Possible side effects of creatine that can decrease athletic performance include:
- Stomach cramps
- Muscle cramps
- Weight gain
Weight gain is sought by athletes who want to increase their size. But with prolonged creatine use, weight gain is more likely the result of water retention than an increase in muscle mass. Water is drawn into your muscle tissue, away from other parts of your body, putting you at risk of dehydration.
It appears safe for adults to use creatine at the doses recommended by manufacturers. But there are no studies investigating the long-term benefits and risks of creatine supplementation.
What are they?
Some athletes use stimulants to stimulate the central nervous system and increase heart rate and blood pressure.
- Improve endurance
- Reduce fatigue
- Suppress appetite
- Increase alertness and aggressiveness
Common stimulants include caffeine and amphetamines. Cold remedies often contain the stimulants ephedrine or pseudoephedrine hydrochloride.
Energy drinks, which are popular among many athletes, often contain high doses of caffeine and other stimulants. The street drugs cocaine and methamphetamine also are stimulants.
Although stimulants can boost physical performance and promote aggressiveness on the field, they have side effects that can impair athletic performance, including:
- Nervousness and irritability, which make it hard to concentrate on the game
- Insomnia, which can prevent an athlete from getting needed sleep
- Addiction or tolerance, meaning that athletes need greater amounts to achieve the desired effect, so they’ll take doses that are much higher than the intended medical dose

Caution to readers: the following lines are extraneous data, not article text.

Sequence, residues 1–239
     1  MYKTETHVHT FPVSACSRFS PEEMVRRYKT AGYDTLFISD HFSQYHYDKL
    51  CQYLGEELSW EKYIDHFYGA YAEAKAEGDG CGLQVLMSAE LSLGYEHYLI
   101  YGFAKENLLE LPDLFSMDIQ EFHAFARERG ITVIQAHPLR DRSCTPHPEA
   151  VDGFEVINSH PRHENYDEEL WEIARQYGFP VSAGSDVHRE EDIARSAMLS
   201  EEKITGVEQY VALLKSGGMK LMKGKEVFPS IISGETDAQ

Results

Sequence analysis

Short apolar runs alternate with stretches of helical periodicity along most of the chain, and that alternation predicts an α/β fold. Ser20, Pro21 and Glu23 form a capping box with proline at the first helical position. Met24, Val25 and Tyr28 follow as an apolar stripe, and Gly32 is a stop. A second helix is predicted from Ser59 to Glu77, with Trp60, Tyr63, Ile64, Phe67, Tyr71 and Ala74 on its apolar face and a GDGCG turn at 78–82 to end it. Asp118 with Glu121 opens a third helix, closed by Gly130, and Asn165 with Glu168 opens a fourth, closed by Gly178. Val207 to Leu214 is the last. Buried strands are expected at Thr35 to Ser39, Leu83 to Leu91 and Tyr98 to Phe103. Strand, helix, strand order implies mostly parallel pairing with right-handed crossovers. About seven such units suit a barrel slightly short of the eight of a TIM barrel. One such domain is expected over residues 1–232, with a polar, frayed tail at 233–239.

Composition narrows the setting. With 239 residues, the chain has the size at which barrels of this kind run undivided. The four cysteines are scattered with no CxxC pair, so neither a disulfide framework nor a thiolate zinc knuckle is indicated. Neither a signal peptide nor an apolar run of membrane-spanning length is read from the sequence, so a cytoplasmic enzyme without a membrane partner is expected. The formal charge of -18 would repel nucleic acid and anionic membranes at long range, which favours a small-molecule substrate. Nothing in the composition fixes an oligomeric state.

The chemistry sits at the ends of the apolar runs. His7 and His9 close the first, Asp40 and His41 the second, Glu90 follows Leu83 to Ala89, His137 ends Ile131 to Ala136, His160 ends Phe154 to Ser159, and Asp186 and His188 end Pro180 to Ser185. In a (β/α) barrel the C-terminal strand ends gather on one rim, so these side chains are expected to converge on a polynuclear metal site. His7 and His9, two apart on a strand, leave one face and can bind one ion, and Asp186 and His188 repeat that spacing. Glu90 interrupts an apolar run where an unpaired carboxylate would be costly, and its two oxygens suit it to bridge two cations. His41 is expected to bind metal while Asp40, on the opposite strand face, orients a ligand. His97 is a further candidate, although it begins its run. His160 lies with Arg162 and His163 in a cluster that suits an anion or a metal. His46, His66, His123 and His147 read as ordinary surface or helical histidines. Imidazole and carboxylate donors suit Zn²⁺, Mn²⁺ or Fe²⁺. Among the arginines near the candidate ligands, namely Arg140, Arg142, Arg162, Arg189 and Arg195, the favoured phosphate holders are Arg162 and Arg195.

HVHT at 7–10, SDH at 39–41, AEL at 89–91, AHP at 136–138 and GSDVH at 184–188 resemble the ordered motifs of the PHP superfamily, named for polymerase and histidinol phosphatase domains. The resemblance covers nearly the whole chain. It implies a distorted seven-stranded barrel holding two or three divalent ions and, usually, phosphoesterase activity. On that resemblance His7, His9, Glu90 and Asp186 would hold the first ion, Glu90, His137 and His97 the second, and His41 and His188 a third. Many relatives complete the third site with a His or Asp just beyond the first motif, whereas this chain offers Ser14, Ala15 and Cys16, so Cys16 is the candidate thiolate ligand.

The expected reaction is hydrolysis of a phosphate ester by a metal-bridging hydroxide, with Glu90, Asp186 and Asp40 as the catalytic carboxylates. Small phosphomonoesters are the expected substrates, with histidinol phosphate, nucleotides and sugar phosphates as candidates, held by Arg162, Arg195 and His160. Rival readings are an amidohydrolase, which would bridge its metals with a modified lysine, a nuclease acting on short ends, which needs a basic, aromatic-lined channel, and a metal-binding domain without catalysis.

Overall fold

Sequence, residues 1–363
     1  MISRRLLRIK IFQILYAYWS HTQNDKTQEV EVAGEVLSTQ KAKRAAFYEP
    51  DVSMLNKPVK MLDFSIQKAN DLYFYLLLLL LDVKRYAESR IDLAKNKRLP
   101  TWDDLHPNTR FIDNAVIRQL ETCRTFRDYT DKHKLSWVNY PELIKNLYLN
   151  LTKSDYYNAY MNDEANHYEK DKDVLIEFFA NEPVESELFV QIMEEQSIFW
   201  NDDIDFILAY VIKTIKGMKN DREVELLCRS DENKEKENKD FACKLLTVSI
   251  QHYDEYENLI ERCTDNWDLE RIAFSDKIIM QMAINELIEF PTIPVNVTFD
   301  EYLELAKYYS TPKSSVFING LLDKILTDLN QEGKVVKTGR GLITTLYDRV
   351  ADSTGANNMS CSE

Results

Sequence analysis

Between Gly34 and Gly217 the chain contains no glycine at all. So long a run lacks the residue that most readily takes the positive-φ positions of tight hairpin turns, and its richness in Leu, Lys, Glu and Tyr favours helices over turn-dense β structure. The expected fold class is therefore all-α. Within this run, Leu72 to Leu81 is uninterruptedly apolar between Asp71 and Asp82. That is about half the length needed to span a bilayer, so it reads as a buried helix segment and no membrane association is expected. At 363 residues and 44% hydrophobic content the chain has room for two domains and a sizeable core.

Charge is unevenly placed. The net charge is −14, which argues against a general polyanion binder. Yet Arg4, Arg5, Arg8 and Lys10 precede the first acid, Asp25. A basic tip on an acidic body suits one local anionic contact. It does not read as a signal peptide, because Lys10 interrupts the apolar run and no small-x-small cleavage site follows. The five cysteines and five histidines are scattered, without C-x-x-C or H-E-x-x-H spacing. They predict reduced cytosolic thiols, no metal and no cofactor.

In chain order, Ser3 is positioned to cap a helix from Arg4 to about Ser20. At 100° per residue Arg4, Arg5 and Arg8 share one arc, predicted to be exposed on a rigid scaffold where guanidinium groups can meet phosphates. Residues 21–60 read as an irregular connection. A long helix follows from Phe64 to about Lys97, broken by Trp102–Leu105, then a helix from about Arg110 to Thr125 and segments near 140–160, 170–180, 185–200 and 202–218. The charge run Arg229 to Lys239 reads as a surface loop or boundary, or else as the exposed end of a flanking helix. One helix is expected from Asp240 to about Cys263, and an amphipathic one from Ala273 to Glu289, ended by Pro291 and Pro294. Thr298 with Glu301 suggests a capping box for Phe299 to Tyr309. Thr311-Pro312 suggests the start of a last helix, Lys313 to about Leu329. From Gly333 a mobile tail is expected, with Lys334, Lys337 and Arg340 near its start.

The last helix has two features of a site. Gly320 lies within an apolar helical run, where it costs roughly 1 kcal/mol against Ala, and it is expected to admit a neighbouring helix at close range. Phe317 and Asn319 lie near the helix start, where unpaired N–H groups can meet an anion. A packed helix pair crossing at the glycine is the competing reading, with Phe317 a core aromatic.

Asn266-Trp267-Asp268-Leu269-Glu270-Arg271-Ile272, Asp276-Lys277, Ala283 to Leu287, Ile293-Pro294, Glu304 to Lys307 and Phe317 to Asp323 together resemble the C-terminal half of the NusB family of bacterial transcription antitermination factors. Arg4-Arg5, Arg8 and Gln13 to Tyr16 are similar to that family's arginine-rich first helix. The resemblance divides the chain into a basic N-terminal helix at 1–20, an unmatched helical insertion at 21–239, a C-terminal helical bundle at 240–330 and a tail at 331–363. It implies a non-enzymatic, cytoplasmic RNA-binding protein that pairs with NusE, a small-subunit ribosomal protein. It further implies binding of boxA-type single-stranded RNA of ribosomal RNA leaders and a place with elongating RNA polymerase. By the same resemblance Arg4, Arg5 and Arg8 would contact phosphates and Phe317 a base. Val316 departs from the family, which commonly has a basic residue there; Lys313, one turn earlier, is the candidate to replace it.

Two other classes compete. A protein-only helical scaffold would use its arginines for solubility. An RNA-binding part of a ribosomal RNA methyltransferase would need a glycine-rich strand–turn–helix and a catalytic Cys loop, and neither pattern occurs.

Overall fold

Other side effects include:
- Heart palpitations
- Heart rhythm abnormalities
- Weight loss
- Mild high blood pressure (hypertension)
- Heart attack and other circulatory problems
The bottom line
Do performance-enhancing drugs boost performance? Some athletes may appear to achieve physical gains from such drugs, but at what cost?
The long-term effects of performance-enhancing drugs haven’t been rigorously studied. And short-term benefits are tempered by many risks. Not to mention that doping is prohibited by most sports organizations.
No matter how you look at it, using performance-enhancing drugs is risky business.
Dec. 04, 2020
- Madden CC, et al. Drugs and doping in athletes. In: Netter’s Sports Medicine. 2nd ed. Philadelphia, Pa.: Elsevier; 2018. https://www.clinicalkey.com. Accessed Oct. 11, 2018.
- Snyder PJ. Use of androgens and other hormones by athletes. https://www.uptodate.com/contents/search. Accessed Oct. 11, 2018.
- Effects of performance-enhancing drugs. U.S. Anti-Doping Agency. https://www.usada.org/substances/effects-of-performance-enhancing-drugs/. Accessed Oct. 11, 2018.
- Santos GH, et al. The risk environment of anabolic-androgenic steroid users in the UK: Examining motivations, practices and accounts of use. International Journal of Drug Policy. 2017;40:35.
- Fleisher LA, et al., eds. Androstenedione. In: Essence of Anesthesia Practice. 4th ed. Philadelphia, Pa.: Elsevier; 2018. https://www.clinicalkey.com. Accessed Oct. 19, 2018.
- La Gerche A, et al. Drugs in sport — A change is needed, but what? Heart, Lung, and Circulation. 2018;27:1099.
- Boardley ID, et al. Nutritional, medicinal, and performance enhancing supplementation in dance. Performance Enhancement & Health. 2016;4:3.
- Baron D, et al. Prohibited non-hormonal performance-enhancing drugs in sport. https://www.uptodate.com/contents/search. Accessed Oct. 11, 2018.
- Robinson D. Permitted non-hormonal performance-enhancing substances. https://www.uptodate.com/contents/search. Accessed Oct. 11, 2018.
- Madden CC, et al. Sports supplements. In: Netter’s Sports Medicine. 2nd ed. Philadelphia, Pa.: Elsevier; 2018. https://www.clinicalkey.com. Accessed Oct. 11, 2018.